“As a marketer, if you rely on TikTok and TikTok is gone, that’s not the only place you can reach out to users,” Kim said. “That’s the job of a marketer — to be where your customers spend time.”
Although TikTok doesn’t have an audience as big as other social networks, the platform does offer advertisers a more global user base than platforms like Instagram, Kim said. The removal of TikTok could hurt brands looking to connect with audiences abroad, she said.
If TikTok was banned, multiple new, similar platforms would emerge to replace it, said Ari Lightman, professor of digital media and marketing at Carnegie Mellon University. Instagram, for example, recently introduced Instagram Reels, but other emerging platforms such as Triller and LikeToKnowIt are coming into play, said Debika Sihi, associate professor of business at Southwestern University.
Lightman doesn’t think the platform will be banned. However, Walmart did team up with Microsoft to potentially acquire the social network. Oracle is also reportedly in the running to acquire the company’s operations. Despite the peculiarity of the drama surrounding TikTok, brands must make an effort to understand the platform, because it has captured a substantial audience and become part of the overall zeitgeist, he said.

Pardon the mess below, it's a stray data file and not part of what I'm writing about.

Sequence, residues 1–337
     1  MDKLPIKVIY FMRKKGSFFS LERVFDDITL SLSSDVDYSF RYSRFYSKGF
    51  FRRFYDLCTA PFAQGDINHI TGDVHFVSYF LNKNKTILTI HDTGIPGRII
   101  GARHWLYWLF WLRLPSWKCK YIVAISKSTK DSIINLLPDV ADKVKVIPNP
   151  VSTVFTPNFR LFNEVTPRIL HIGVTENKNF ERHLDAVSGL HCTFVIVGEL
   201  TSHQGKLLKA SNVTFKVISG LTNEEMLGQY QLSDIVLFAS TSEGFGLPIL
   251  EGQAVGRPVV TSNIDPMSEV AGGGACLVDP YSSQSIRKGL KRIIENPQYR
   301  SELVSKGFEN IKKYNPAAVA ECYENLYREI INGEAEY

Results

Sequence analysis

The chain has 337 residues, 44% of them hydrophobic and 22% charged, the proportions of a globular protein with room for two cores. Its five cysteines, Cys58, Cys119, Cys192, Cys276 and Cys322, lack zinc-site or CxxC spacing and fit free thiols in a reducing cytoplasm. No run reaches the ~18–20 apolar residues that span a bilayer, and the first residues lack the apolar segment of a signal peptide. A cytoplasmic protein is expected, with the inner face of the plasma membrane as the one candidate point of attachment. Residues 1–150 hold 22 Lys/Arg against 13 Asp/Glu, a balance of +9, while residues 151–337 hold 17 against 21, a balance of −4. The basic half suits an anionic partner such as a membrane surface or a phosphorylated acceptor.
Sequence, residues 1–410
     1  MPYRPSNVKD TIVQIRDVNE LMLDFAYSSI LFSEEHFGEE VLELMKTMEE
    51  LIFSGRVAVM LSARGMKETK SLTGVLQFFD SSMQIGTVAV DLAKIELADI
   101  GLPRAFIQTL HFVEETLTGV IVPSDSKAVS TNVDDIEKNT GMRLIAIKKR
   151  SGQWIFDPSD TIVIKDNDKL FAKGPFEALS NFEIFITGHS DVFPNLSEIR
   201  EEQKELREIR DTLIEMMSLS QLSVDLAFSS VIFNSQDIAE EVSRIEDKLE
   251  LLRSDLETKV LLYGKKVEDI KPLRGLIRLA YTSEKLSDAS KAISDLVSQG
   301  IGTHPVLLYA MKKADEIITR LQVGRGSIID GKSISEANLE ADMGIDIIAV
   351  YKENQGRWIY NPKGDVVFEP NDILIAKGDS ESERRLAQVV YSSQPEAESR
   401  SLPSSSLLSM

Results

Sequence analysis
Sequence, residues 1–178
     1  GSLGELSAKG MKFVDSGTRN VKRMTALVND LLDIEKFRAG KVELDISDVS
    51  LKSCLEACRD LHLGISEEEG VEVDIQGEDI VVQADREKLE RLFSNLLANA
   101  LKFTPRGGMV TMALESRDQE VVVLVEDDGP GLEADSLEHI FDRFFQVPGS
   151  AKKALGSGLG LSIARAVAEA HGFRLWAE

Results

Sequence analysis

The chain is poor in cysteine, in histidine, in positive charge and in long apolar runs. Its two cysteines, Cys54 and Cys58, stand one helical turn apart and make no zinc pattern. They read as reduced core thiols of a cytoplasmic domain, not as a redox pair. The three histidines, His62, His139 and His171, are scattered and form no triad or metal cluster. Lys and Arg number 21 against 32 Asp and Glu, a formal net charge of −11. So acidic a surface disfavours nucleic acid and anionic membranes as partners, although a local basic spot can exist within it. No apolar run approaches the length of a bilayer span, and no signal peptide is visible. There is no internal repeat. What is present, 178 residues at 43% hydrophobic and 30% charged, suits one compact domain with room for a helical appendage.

Indeed, rather than repurposing content from other social networks, e.l.f. created content from scratch that it felt would resonate with TikTok users. It partnered with Movers+Shakers agency to create its “eyes.lips.face. (e.l.f.)” song and campaign, Budhraja said. Then, on Aug. 14, the beauty company announced the “Eyes. Lips. Famous.” reality show, which will be shown on the company’s @elfyeah TikTok page.
After receiving more than 3,000 video submissions, the brand announced three winners on Aug. 27. If the platform is banned, e.l.f. Cosmetics will find another home for the content, Budhraja said, adding that the Eyes Lips Famous campaign has a following that will likely continue on another social network.
The TikTok allure
The novelty of TikTok is reminiscent of the early days of Facebook when the user base was limited to young people and their friends sharing experiences, Budhraja said. There wasn’t a lot of advertising, part of which might be lost as more users join the platform. Per a TikTok court filing, the platform now has 100 million American users.
A scroll through TikTok might reveal comedic videos with users in their homes with no makeup, indicating a less high-definition, polished look than platforms like Instagram, Lightman said. Marketers not only have to target the advertising for the consumers they’re seeking but also tailor their content to the aesthetic of the platform, Kim said, noting that typical users might prefer to see a Chanel ad on Instagram than on LinkedIn.